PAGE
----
The Finale

29 Mar

The house sat on a hill surrounded by lush, coastal foliage. You could see the ocean from the back deck. An open floor plan let in all the light, the kitchen white and modern like in a magazine. But the house itself was small, a rental for their stint in town away from the city. Being who they were, creative types with an endless stream of flowing ideas, they decided they needed a theater for the people, so they built collapsable risers in their garage.

I went for a visit to get away from the shit cold garbage weather that is the midwest in March, when it’s supposed to be spring but every other day it rain-snows and melts, leaving slushy puddles of mud and exposed garbage piles all over the place. Every year I’m ready to move away until the summer comes, when I then try to convince everyone else to move here because it’s so beautiful. She was giving me a tour of the house. When we got to the garage she said, “you’re really going to like this.”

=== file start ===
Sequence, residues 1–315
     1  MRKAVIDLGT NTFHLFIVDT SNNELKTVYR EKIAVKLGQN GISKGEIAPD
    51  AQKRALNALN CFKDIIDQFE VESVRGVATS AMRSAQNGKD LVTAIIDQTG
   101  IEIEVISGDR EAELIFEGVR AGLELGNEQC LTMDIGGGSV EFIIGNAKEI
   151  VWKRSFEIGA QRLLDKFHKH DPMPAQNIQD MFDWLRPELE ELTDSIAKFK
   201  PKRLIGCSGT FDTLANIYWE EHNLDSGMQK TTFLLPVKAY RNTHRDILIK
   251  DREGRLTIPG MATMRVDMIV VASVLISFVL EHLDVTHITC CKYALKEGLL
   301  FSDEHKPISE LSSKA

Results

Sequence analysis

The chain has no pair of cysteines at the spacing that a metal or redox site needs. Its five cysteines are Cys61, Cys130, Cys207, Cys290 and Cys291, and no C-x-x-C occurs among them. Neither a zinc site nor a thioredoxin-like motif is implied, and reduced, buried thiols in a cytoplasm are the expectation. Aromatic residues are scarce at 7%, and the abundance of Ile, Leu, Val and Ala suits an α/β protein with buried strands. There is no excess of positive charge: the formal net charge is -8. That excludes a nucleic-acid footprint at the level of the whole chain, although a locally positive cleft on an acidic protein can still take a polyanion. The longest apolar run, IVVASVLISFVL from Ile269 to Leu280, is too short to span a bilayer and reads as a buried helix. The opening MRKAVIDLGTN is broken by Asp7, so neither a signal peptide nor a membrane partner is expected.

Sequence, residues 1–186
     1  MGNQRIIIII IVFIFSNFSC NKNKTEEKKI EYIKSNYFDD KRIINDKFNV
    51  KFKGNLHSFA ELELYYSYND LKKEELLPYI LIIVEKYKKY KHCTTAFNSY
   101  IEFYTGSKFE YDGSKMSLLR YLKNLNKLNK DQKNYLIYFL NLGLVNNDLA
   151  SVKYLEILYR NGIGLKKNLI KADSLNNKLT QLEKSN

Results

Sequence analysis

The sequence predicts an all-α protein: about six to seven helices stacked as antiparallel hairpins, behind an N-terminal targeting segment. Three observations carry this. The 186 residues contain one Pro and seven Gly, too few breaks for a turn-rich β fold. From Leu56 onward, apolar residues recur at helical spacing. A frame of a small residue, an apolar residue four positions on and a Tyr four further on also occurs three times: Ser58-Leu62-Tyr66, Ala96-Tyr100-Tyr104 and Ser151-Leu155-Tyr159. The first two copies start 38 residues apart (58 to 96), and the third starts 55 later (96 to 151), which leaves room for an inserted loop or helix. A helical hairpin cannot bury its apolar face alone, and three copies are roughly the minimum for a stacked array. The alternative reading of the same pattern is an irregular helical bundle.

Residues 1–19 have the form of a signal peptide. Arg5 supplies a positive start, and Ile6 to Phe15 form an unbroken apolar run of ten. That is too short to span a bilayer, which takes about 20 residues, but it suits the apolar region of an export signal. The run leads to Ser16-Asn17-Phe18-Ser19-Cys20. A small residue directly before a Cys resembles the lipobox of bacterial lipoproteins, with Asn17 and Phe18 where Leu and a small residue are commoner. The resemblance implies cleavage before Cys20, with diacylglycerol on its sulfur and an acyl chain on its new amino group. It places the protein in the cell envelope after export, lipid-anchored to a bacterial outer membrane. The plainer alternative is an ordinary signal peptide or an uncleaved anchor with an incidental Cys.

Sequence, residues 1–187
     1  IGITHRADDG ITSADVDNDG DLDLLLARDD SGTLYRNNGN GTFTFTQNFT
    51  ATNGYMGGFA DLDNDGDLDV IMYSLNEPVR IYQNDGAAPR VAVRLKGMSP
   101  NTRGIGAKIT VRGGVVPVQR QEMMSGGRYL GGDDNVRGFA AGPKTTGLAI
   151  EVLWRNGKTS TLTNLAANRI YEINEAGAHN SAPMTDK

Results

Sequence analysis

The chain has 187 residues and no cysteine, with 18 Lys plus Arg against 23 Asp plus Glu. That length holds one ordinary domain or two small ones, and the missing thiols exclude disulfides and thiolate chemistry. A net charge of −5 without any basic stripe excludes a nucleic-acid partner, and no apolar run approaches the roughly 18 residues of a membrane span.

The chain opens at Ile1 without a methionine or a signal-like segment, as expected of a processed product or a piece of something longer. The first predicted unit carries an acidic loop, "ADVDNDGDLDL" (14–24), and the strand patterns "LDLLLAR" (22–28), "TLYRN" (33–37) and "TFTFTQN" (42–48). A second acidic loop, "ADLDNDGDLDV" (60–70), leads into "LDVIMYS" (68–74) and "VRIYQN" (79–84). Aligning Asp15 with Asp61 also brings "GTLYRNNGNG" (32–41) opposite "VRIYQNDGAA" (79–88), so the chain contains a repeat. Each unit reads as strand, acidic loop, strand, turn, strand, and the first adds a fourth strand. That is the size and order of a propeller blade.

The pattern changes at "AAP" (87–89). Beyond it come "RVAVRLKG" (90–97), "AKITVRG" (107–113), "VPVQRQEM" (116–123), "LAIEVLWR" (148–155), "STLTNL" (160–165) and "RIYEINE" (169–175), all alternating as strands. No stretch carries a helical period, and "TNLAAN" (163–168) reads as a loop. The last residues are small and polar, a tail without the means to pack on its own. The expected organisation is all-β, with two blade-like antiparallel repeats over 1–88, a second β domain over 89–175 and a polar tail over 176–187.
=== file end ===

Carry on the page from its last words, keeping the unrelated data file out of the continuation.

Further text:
At first, it was like any other dingy garage, though it was the biggest garage I’d ever seen. She said, “close the door behind you and pull that latch.” I pulled the latch and everything changed. Like that moment in The Wizard of Oz when it goes from black and white to technicolor. Theater lights, blue, red, yellow, green, all lit up around the ceiling. “Now push that button,” she said. I pushed. The metal risers emerged slowly from the back wall, unfolding like an accordion, steady and humming. I found myself sitting at the top at the top as they shifted and unfolded, a carnival ride. “Tada,” she said. “Now we have a theater.” She was smiling so big, like there was nothing left to do in the world. Like she had arrived in her moment, entered into her actual life. I said this a few years ago about my own life. I have arrived. It was after my book got published. And then all the hubbub faded away and I realized I had to write another book if I wanted to stay arrived. I realized I had arrived in a moment, not into the finale of my life. I wanted to tell her. But then I thought, who am I to put a pin in her giant theater bubble. I said, “this is awesome.” She smiled bigger, and I was so happy to be in Santa Barbara.


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